By Maria Famakinwa
The resolve of some women, particularly those engaged in daily commercial activities, to turn their breasts to piggy bank where they keep money, regardless of the health hazards due to how dirty and contaminated the notes are, all in the name of safekeeping continues unabated despite campaigns against it. This act dates back many years when there were no banks, a tradition which many of today’s women inherited from their parents.
It is surprising that keeping money inside brassieres which was practised in the olden days still exists among some market women even in this 21st century. According to them, they gradually got into the habit and now see their brassieres as even safer than conventional banks. Those who engage in this behaviour while speaking with The Hope at Oja-Oba in Akure, the Ondo State capital, maintained that their brassieres remain the safest place to keep money.
A woman in her mid 70s, Mrs. Moromoke Awoniyi, who sells bitter kola explained that she had been keeping money in her bra for years and saw nothing wrong about it.
On why she preferred keeping money in her bra instead of purse, she said: “I prefer to keep money in my bra so as not to misplace it. What I do is to keep the smaller denominations in my apron’s pocket to use as change for customers and keep the higher denominations in my bra where they are very secure.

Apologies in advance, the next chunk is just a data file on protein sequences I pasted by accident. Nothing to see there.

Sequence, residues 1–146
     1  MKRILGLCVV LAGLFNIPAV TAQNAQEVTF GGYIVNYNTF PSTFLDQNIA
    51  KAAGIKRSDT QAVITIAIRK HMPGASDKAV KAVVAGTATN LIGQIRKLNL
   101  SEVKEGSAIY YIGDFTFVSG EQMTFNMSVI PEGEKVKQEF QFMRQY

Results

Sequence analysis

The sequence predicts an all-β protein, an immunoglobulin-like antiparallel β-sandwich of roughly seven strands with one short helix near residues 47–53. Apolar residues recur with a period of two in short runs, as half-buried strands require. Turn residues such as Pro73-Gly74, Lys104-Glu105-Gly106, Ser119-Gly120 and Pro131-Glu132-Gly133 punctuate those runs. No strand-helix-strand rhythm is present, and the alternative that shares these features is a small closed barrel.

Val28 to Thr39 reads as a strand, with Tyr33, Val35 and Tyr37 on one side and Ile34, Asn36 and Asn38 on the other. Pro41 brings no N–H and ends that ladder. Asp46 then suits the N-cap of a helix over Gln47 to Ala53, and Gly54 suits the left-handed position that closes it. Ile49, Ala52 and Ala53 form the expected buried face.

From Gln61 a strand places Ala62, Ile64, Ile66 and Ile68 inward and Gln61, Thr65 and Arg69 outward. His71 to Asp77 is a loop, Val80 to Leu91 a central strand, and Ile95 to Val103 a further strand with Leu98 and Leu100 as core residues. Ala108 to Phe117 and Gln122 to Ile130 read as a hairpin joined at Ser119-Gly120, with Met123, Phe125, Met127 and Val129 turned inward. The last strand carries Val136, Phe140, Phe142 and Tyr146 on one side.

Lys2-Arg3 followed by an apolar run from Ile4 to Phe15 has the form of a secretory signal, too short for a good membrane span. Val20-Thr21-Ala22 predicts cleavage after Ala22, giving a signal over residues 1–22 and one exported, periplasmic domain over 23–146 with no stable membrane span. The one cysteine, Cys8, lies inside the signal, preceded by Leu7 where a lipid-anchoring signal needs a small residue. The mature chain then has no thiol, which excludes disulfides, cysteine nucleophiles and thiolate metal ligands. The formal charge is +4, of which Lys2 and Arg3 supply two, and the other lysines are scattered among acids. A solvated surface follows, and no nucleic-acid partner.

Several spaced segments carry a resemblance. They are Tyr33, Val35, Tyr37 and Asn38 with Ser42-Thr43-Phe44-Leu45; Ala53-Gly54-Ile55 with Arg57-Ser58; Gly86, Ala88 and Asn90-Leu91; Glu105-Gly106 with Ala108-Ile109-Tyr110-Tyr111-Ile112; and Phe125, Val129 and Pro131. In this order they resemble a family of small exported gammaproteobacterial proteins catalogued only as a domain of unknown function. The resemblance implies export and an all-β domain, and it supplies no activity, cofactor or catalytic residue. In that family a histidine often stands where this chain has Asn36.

“Besides, my declining age makes me to forget things easily. Before I started keeping money in my bra, it took days most times for me to remember where I kept my money. The stress of searching for money I could not remember where I kept was much for me. I then decided to be keeping it in my bra like some other women of my age. Since I have been keeping money in my bra four years ago, it has solved the problem of not knowing where my money is. Once I get home and remove the bra, I wrap it with the money and whenever I need it, I go straight to where my bra is. This saves me a lot of stress,” she said.
A vegetable seller who also indulged in the habit known as Iya Oyinyechi, said that she started keeping money in her bra three years ago when she discovered that her money was missing in her purse and her friend advised her to be keeping her money in her bra.
She said: “My children don’t steal, yet my money kept getting missing. I complained to a friend who advised that I should be keeping it in my bra. I took to her advice and since three years ago that I have been keeping my money in my bra, nobody stole my money again. I also sleep with my bra to be sure my money is safe, otherwise my business would have been ruined by the evil spirits that crept into my room to steal my money.”
When reminded that it is not good to keep money in one’s bra due to health hazards, she agreed but said that she was left with no choice. “I quite agree that keeping money in the brassieres is not safe, but not doing it poses a threat to my business. What I do most times is to first keep the money in a nylon before putting it in my bra to guard against any health risk,” she said.